Chromosomal localization of a proinsulin transgene in Japanese quail by laser pressure catapulting

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Transgenic avian bioreactors produce therapeutic recombinant proteins in egg white. To date, however, methods for transgenic modification of the avian genome or determining transgenic status of individual birds are scarce. The dual, but interrelated, goals of this research were to: (1) develop a method of detecting stable DNA insertion into Japanese quail; and (2) provide a method for gene location on avian chromosomes. We created Teflon-coated coverslip slides to facilitate laser pressure catapulting of avian chromosomes for DNA amplification and nucleotide sequencing. Transgenic G2 Japanese quail, containing germline incorporation of proinsulin, were identified by isolation of chromosomes using laser microdissection and laser pressure catapulting. Subsequent amplification of each chromosome identified 2-5 chromosomes with the proinsulin transgene inserted. Nucleotide sequencing of each chromosomal insertion was identical to the proinsulin portion of the original vector. By applying laser pressure catapulting and PCR of individual chromosomes, we were able to determine that the transgene correctly inserted into avian chromosomes and that the majority of the insertions occurred within microchromosomes. Because many potential therapeutic transgenes have similar or nearly identical nucleotide sequence to the host's native gene, laser microdissection and subsequent analysis may be required for detailed documentation of transgene expression before proceeding with transgenic protein production. © Springer Science+Business Media B.V. 2006.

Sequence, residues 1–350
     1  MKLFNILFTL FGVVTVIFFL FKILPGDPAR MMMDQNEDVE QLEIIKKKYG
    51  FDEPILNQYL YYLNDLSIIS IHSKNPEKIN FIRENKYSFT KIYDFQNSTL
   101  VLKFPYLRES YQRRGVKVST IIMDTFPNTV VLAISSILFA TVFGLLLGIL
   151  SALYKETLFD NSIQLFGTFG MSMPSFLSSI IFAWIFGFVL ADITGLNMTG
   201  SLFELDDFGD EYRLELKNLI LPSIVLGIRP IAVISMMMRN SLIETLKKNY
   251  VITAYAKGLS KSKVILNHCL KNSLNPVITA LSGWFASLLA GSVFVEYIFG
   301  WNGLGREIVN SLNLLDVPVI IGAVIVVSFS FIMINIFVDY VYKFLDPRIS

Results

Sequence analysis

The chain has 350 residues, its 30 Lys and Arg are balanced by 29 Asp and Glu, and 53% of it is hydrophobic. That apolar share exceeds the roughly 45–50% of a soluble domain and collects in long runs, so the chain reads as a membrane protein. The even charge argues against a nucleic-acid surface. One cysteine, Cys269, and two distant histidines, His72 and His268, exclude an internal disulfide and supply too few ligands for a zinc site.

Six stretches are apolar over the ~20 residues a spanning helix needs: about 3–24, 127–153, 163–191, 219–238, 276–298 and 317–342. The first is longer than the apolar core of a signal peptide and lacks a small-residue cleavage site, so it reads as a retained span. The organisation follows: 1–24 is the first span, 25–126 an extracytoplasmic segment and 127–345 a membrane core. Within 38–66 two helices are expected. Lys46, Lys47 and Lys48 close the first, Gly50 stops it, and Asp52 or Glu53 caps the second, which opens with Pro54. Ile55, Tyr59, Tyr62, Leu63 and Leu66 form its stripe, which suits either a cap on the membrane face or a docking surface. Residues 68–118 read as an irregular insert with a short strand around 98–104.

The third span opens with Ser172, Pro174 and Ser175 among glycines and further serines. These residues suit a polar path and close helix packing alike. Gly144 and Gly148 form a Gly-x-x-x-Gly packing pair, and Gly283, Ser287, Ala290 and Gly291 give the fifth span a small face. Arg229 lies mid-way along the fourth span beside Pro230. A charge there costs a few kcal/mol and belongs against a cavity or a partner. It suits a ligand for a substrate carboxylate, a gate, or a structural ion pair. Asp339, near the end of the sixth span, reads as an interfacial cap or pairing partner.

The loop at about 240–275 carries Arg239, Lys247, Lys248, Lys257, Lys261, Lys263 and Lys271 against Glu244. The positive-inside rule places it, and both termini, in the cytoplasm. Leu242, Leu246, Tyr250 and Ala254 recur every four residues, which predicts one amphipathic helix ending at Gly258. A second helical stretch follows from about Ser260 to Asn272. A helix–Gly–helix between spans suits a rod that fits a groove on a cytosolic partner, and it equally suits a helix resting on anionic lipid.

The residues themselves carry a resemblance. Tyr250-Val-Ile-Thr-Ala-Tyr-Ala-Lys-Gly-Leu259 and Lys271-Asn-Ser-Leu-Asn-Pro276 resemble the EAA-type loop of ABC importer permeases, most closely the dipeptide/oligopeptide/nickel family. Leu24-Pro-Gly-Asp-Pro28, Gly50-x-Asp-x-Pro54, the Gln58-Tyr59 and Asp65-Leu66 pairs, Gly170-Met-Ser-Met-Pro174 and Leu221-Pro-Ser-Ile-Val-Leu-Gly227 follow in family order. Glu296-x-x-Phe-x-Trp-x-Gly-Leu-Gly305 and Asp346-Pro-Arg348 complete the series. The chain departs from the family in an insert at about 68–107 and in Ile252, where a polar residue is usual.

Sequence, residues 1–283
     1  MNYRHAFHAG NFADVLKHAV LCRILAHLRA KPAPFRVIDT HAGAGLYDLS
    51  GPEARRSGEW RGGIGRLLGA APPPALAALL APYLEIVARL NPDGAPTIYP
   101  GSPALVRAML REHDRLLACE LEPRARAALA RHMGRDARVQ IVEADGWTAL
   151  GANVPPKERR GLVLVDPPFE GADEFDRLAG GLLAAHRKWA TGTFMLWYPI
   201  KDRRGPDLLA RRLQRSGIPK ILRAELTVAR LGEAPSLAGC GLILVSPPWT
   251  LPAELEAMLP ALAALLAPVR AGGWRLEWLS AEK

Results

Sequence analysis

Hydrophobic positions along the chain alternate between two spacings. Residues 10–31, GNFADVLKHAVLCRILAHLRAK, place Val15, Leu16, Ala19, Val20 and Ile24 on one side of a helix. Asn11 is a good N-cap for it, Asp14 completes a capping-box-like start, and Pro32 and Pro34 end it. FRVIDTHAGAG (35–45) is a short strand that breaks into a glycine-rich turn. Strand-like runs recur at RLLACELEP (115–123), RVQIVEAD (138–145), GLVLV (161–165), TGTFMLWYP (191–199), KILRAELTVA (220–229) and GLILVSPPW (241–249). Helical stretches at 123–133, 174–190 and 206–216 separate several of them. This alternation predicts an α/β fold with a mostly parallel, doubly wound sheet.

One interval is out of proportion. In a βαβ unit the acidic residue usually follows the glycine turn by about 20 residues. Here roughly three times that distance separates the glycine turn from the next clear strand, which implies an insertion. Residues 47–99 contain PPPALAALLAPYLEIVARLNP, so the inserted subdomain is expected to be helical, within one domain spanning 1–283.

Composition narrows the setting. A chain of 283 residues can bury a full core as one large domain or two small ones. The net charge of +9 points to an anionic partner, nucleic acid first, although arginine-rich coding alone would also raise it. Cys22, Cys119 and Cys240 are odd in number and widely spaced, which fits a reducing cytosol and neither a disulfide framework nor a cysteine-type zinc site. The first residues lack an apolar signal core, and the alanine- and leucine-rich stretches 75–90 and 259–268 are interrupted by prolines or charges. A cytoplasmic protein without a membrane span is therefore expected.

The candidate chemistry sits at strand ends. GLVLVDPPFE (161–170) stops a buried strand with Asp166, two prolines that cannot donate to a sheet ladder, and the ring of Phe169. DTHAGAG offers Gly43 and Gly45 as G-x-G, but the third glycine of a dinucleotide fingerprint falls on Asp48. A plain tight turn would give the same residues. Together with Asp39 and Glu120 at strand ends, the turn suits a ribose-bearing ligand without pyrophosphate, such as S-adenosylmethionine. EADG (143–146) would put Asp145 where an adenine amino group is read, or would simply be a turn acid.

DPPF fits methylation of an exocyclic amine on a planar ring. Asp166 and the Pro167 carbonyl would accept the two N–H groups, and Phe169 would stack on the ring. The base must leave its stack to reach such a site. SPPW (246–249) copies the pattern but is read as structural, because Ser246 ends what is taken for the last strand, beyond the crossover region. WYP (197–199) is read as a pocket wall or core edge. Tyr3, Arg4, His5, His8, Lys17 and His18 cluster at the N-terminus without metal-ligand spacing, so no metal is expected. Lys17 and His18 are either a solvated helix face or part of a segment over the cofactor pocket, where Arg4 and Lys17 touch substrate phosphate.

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Transgenic Research

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